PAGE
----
“The Advancing American Kidney Health initiative, announced on July 10, 2019 by the US Department of Health and Human Services (HHS), places the kidney community in the national spotlight for the first time in decades and outlines a national strategy for kidney diseases for the first time …. In order to achieve the Advancing American Kidney Health initiative’s lofty goals and make good on the KHI’s commitment to people with kidney diseases, drug and device innovation needs to accelerate.”

You can read the entire announcement from the Clinical Journal of the American Society of Nephrology at https://cjasn.asnjournals.org/content/early/2019/12/05/CJN.11060919.

The American Kidney Fund at https://www.kidneyfund.org/advocacy-blog/future-of-dialysis-innovation.html announced prizes for innovations in dialysis. We are now in phase two.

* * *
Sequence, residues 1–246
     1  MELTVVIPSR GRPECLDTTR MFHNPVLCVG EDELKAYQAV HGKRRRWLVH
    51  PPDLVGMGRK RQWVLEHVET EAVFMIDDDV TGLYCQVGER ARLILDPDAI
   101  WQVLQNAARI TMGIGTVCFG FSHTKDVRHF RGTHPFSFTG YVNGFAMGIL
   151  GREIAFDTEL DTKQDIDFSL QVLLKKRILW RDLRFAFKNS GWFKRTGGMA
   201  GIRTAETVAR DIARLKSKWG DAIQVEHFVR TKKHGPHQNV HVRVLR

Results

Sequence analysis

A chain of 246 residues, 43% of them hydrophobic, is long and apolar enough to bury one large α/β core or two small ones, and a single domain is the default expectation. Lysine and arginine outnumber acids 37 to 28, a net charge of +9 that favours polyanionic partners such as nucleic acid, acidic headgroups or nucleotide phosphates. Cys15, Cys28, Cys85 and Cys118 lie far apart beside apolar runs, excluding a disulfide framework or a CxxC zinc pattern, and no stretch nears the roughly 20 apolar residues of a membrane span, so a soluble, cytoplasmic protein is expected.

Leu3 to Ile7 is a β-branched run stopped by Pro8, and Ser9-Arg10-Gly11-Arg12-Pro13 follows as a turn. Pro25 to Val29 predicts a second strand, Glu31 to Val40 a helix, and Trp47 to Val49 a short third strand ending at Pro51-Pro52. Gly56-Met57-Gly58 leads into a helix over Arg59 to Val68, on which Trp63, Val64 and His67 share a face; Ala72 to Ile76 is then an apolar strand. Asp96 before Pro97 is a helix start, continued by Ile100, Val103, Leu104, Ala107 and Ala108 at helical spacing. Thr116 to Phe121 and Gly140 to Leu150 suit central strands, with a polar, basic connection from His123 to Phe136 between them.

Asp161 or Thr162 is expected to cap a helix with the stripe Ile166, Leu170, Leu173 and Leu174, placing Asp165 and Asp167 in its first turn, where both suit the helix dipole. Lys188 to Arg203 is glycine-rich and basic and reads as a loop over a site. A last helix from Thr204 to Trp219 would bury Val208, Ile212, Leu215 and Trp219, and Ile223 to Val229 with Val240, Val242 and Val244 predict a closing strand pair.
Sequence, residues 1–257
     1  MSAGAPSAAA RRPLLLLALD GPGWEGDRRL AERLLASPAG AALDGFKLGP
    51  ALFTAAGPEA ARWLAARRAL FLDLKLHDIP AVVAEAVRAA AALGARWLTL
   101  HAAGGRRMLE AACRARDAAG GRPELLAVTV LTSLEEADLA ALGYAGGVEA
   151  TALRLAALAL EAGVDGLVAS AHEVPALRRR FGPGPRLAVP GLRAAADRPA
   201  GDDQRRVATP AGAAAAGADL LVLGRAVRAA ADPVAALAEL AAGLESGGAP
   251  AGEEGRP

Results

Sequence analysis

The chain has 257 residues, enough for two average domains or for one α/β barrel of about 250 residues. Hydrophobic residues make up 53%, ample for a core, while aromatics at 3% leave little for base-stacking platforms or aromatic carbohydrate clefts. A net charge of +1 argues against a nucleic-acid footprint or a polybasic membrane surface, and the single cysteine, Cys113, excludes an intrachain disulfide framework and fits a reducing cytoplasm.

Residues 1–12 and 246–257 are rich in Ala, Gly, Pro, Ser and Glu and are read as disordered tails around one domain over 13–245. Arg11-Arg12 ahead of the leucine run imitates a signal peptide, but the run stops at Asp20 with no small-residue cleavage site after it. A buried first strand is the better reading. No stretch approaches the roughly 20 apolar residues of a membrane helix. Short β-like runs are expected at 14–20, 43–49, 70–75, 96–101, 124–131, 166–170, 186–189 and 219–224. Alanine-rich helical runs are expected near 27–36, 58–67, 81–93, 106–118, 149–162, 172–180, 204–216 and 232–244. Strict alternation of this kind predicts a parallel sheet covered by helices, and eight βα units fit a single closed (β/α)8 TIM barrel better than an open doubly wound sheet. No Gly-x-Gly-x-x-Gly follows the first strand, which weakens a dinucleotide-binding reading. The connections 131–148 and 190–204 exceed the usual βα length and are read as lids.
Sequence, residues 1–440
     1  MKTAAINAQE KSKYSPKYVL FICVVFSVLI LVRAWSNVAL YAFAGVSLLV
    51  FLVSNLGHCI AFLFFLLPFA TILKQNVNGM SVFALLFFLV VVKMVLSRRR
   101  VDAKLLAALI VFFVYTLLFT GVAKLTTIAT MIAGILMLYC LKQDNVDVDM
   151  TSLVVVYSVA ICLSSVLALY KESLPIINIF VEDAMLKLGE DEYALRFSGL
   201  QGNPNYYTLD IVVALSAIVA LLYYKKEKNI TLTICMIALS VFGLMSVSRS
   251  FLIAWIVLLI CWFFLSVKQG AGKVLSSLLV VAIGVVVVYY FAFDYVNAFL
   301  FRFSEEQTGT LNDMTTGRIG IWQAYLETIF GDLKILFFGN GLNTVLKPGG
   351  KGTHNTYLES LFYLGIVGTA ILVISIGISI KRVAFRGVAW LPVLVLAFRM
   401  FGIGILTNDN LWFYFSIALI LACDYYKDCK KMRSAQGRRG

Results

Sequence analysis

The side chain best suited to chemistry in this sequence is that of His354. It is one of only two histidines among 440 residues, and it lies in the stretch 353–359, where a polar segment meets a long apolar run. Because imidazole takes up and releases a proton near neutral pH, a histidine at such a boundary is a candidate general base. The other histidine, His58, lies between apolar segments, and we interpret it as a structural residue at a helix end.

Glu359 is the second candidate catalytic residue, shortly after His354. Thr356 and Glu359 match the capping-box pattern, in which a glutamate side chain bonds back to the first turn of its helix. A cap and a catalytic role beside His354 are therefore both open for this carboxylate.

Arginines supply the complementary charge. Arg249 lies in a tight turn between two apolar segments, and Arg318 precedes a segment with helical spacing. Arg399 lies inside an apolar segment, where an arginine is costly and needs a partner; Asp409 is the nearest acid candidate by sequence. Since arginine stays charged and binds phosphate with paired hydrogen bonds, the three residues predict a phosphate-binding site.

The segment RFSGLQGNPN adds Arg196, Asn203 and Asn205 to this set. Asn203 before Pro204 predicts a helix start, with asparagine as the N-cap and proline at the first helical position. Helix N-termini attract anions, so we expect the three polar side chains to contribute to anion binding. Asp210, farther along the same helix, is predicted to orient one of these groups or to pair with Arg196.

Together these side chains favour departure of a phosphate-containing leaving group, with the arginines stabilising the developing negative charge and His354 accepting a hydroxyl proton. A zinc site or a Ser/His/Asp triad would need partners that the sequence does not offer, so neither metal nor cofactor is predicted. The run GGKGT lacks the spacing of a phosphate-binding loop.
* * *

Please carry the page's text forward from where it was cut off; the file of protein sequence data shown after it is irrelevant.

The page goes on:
“HHS and ASN collaborated with patients, nephrologists, researchers and others in planning the competition. Several agencies, including the National Institutes of Health, the Food and Drug Administration, and the Centers for Medicare & Medicaid Services, are involved in this effort. AKF has provided comments to the KidneyX project, urging a focus on unmet needs and improving patient quality of life.

The KidneyX: Redesign Dialysis competition will have two phases. During phase one (late-October 2018-February 2019), innovators will be asked to come up with ideas to ‘replicate normal kidney functions and improve patient quality of life.’ During phase two (April 2019-January 2020), innovators will be asked to develop prototypes to test their ideas.

The HHS press release detailing the competition can be found here.

You can also read my blog about KidneyX by using the topic dropdown on the right side of the blog.